Talking Toronto

Donna Braniff Talks Toronto

With less than a month until this city's municipal elections, it's not hard to miss the deluge of campaign signs that are littering neighbourhood lawns. With 275 people running across Toronto for the position of City Councillor, finding out about each and every single candidate (even out of the few running in your own ward) can get daunting.

In an effort to learn more about the people trying to run the future of this city, I sent out dozens of emails to candidates trying to learn about their motivations and aspirations. A few responded, many didn't. Over the next few days, I'm going to take a look at the few that did.

Today's candidate: Donna Braniff, Ward 32.

Why did you decide to run for city council?
It is time for a change, a change that can be felt right across Toronto. If I WIN this election, you the people will win as I am a strong advocate for the needs of the people. How? By paying keen attention to what you think is needed in your community.

What are the significant issues that people in your ward are facing, and what do you plan to do to address those issues?
IThere are many issues facing our community: Taxes - every year we receive our assessment and we must fight for fair market values. Public Servants make rules that are not in the interest of the community. I would like to propose an intervention process whereby the city assists you in this struggle by setting up a ward by ward assistance program.

Rental Properties - When taxes, water, hydro and gas prices go up, so does your rent! The city has the power to ensure the assessments to your rental properties are reasonable. Let's work toward changing the status quo.

Incentives for New and Old Businesses - Other cities e.g Guelph, Ontario, have better programs than we do in the city of Toronto. Increased business means lower taxes to homeowners and renters.

Seniors - They built our city so why are they not aware of every tax incentive and program that are available to them? My vision is to ensure a mailing of these updates to keep them informed of every benefit they should be receiving.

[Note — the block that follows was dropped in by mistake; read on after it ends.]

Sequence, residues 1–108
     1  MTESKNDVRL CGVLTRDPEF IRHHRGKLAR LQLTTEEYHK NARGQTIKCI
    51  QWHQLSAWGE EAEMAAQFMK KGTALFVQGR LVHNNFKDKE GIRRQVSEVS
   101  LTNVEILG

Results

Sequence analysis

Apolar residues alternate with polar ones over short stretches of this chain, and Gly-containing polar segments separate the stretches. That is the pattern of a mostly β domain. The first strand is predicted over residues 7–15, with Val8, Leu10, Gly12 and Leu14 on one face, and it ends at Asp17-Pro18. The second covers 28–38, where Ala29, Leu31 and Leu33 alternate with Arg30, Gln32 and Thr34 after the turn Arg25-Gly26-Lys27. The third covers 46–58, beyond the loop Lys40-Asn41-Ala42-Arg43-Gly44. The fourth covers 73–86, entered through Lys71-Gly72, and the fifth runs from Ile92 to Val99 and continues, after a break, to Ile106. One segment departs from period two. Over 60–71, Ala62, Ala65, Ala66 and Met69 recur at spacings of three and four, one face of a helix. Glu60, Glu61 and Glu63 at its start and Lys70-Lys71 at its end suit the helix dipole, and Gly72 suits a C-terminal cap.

Child Care -The children of today will be the men and women of tomorrow. Let us invest in a system to help them grow up to be productive adults in our society.

Vision for Growth - Further development should be looked at in three ways. #1 - Listening to the community's voice; #2 - How it will affect the community; and, #3 - will it provide a greater area of green space for this type of growth.

Vision for the Beaches - We need clean water so that our children and the community can safely enjoy our beaches and to breath clean air as they walk it. Our history of this area is very important, let us keep it alive!

What are some of the city-wide issues that you feel most engaged with and why?
Our waterfront is our heritage. We need to make this a sustainable identity along with envisioning a waterfront for all. By creating public spaces that will enhance our enjoyment, along with allowing a variety of active and reflective experiences while walking its' path. Let's make it the best front porch that it can possibly be, one that residents will look back on in 100 years and admire!

Environment is a very important issue to me. Natural solutions in environmental technology are rapidly growing and embracing the needs for a cleaner air and water. We need to focus on a made in Toronto solution to our garbage and waste water.

What is your larger vision for Toronto in the next few years?
Making it a safe, clean, vibrant and sustainable City. A city which will be the tourist mecca of the world!

blogTO does not necessarily endorse any of the candidates profiled. Candidates were selected based on the ease of finding their contact information on the web, their willingness to reply to my first email, and a bit of random serendipity.

The Toronto municipal elections take place on November 13, 2006. To find out more on how to vote or how to get involved, visit the city elections website.

(Image: Payam Rajabi)


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